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Sid Mohasseb is Adjunct Professor in Dynamic Data-Driven Strategy at the University of Southern California and is former National Strategic Innovation Leader for Strategy at KPMG. He is the author of The Caterpillar’s Edge (2017) and You are not Them (2021)

There is a trust gap between Big Tech, the government and the population. Lawmakers in the U.S. and Europe are considering ways to rein in social media platforms where disinformation thrives. And ever since the Cambridge Analytica scandal, people have been waking up to how their data is used. Plenty feel that governments—to say nothing of private corporations—have no right to know about our private lives and are electing to withhold data wherever they can (even though that data is typically anonymized and treated as algorithmic raw material rather than personal information).

This lack of trust translates into a lack of critical data infrastructure and sharing. But if America is to remain competitive in the 21st century, it needs needs more, and higher quality data — the raw material for Artificial Intelligence. Without it, we’ll fall even further behind China, the undisputed leader in the contest for AI.

To achieve Chinese levels of digital sophistication, while respecting democratic norms and free market liberties, we need a new relationship between Big Tech and its users. A relationship built on mutual cooperation, revenue sharing and a shared purpose.

To begin with, citizens must be shown the potential benefits of sharing data and fuelling AI. Corporations and government need to work together to highlight benefits that are more significant than personalized shopping ads, and more long-term than the pandemic response.

Benefits like the statistical modelling that has led to the early identification of breast cancer risk and saved countless lives, for example. The big data and machine learning has been shown to spot likely terrorist attacks before they happen. Whether the threat is breast cancer or a suicide bomber, data and AI can save your life. And it can save America from decline.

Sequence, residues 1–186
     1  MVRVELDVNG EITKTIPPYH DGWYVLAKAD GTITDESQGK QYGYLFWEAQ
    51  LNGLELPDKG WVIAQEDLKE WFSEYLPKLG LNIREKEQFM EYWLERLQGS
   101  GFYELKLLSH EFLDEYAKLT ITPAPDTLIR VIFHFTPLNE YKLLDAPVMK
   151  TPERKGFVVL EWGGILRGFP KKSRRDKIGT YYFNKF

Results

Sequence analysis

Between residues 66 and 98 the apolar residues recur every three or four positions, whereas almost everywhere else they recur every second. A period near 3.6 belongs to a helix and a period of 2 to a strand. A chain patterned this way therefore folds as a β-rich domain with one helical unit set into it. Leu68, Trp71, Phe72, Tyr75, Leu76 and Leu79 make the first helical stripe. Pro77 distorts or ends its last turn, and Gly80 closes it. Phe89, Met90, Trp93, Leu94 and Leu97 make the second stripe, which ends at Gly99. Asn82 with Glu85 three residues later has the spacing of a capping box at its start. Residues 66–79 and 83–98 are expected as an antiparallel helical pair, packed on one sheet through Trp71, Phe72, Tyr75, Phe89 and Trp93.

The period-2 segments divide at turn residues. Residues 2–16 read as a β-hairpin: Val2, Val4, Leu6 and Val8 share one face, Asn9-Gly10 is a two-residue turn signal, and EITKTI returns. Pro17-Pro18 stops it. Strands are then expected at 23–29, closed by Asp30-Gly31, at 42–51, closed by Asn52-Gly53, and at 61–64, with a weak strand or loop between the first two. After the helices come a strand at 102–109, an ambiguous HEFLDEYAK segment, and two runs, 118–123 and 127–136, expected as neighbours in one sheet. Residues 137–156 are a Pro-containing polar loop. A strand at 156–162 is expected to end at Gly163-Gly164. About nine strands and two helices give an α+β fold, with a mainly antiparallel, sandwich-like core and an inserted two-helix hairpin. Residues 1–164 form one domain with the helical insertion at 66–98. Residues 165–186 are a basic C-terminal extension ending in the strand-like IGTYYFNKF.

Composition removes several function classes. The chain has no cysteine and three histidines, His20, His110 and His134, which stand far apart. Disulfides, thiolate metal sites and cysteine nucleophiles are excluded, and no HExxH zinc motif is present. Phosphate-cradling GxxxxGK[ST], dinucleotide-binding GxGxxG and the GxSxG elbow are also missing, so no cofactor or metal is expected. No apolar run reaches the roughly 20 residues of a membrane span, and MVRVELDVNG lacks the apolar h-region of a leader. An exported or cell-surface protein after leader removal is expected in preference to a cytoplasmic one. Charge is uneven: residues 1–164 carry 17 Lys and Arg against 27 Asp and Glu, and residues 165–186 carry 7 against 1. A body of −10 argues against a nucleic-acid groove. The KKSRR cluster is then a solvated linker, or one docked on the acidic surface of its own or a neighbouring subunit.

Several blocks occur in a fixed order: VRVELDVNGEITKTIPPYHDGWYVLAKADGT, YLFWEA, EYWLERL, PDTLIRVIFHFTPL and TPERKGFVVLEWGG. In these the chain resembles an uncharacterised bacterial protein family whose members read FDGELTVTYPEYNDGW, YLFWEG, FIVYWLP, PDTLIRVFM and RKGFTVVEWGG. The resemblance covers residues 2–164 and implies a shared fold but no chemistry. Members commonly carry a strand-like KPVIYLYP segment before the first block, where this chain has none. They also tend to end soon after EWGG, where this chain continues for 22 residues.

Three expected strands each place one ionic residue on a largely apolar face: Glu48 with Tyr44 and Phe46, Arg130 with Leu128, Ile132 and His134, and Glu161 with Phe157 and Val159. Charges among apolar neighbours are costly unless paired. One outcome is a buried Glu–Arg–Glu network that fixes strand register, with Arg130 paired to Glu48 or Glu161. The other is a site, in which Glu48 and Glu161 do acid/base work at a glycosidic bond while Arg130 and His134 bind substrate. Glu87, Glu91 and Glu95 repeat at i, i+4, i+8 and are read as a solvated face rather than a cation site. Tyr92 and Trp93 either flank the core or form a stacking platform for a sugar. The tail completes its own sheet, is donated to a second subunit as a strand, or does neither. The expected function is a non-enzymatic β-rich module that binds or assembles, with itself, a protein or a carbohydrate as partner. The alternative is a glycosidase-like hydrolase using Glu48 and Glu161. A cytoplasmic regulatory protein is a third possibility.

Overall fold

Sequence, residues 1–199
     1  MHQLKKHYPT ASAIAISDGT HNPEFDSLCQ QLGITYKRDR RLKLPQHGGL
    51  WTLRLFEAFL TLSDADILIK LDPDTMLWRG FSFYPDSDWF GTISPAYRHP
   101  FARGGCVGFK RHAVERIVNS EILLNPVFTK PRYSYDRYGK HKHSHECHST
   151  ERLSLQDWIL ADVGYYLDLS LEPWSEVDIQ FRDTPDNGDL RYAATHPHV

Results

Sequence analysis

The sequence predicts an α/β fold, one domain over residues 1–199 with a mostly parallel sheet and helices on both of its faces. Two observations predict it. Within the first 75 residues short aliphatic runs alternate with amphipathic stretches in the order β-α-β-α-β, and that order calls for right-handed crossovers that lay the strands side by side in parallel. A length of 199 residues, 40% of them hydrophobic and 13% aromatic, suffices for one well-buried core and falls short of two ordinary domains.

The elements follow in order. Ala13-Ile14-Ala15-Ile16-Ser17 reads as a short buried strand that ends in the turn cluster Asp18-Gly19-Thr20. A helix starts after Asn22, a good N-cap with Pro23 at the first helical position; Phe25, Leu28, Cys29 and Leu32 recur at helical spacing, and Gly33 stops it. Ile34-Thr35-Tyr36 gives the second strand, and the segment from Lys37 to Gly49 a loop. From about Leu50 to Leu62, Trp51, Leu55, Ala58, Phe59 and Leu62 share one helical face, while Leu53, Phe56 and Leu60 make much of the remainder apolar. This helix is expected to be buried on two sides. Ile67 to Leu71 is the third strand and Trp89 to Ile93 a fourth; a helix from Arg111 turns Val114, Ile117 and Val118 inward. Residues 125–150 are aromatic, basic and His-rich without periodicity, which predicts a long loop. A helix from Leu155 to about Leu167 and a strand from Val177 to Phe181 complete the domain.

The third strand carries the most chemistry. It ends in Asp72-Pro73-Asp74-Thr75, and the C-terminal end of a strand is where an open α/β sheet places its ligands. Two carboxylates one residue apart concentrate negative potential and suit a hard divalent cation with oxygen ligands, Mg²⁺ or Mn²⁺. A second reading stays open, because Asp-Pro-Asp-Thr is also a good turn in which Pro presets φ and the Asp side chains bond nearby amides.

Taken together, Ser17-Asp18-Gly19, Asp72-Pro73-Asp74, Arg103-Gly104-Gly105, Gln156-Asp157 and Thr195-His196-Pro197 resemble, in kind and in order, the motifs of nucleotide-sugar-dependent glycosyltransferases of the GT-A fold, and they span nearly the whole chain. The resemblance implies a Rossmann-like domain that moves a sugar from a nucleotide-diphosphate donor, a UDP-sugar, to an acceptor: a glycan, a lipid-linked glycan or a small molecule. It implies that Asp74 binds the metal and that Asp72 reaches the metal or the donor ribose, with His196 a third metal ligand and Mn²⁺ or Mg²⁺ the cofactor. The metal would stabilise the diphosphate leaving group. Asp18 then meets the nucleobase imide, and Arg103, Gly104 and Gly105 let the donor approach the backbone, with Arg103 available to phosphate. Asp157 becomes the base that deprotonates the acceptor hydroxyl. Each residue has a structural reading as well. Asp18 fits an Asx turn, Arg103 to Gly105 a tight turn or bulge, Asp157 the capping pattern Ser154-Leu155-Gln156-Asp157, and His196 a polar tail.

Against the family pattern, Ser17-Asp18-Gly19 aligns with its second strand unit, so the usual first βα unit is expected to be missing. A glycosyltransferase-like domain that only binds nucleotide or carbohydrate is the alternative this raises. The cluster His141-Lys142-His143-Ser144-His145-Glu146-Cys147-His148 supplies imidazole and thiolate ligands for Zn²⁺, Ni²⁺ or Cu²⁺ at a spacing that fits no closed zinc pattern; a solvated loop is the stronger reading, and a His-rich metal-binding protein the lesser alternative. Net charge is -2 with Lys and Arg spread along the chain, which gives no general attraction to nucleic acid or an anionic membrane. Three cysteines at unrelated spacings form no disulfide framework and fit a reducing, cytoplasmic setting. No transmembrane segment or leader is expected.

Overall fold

But sharing the benefits is not enough. The profits must be shared too. We need to find an economic model that engages the user in an open, transparent and consensual trade.

Data is a hugely valuable asset that we are all generating everytime we perform a digital action. The combined revenue of Facebook, Google and Tencent in 2018 was $236 billion. Big Tech has profited from brokering the data we have created to third-parties, and for too long they have hoped we wouldn’t find out or that we wouldn’t care. We did, and we do. It is understandable that we feel short-changed.

Users need to view their data as a privately-owned asset that they are monetizing by sharing. In turn, Big Tech needs to regard the user not as a resource but as a shareholder, with the right not only to a cut of its profits but a say in how the enterprise is run, and how its assets (ie. user data) are used.

If that data is properly leveraged for AI purposes, it could be a win-win for corporations and citizens. Various challenger apps to Facebook have tried this model, but failed to scale – so far. If Big Tech copied this business model we would give them not only more data, but higher quality (i.e. more honest and accurate) data.

This in turn would give America the competitive edge it needs to use data to develop its AI industry, and demonstrate that our liberty and free markets are more effective than Chinese state control. It might also help the public see tech firms as business partners, and not corporate leviathans that need breaking up.

Most importantly, the increased quantity and quality of data made available under the new model would accelerate economic and technological growth. McKinsey predicts that AI will contribute $15 trillion per year (the size of China’s GDP) to the world economy by 2030.

For America to capture its share of that prize, there needs to be a new bond of trust between users, tech firms and the government. That can only happen if the population is educated to know that data is used to benefit us as a nation, not to spy on us as individuals. In return, we as individuals need to be ready to contribute to be ready to become the ‘data infantry’ and volunteer our services.

There’s a Chinese way to get ahead in AI, by single-minded authoritarianism. Let’s come together to make an American way that’s even more successful.

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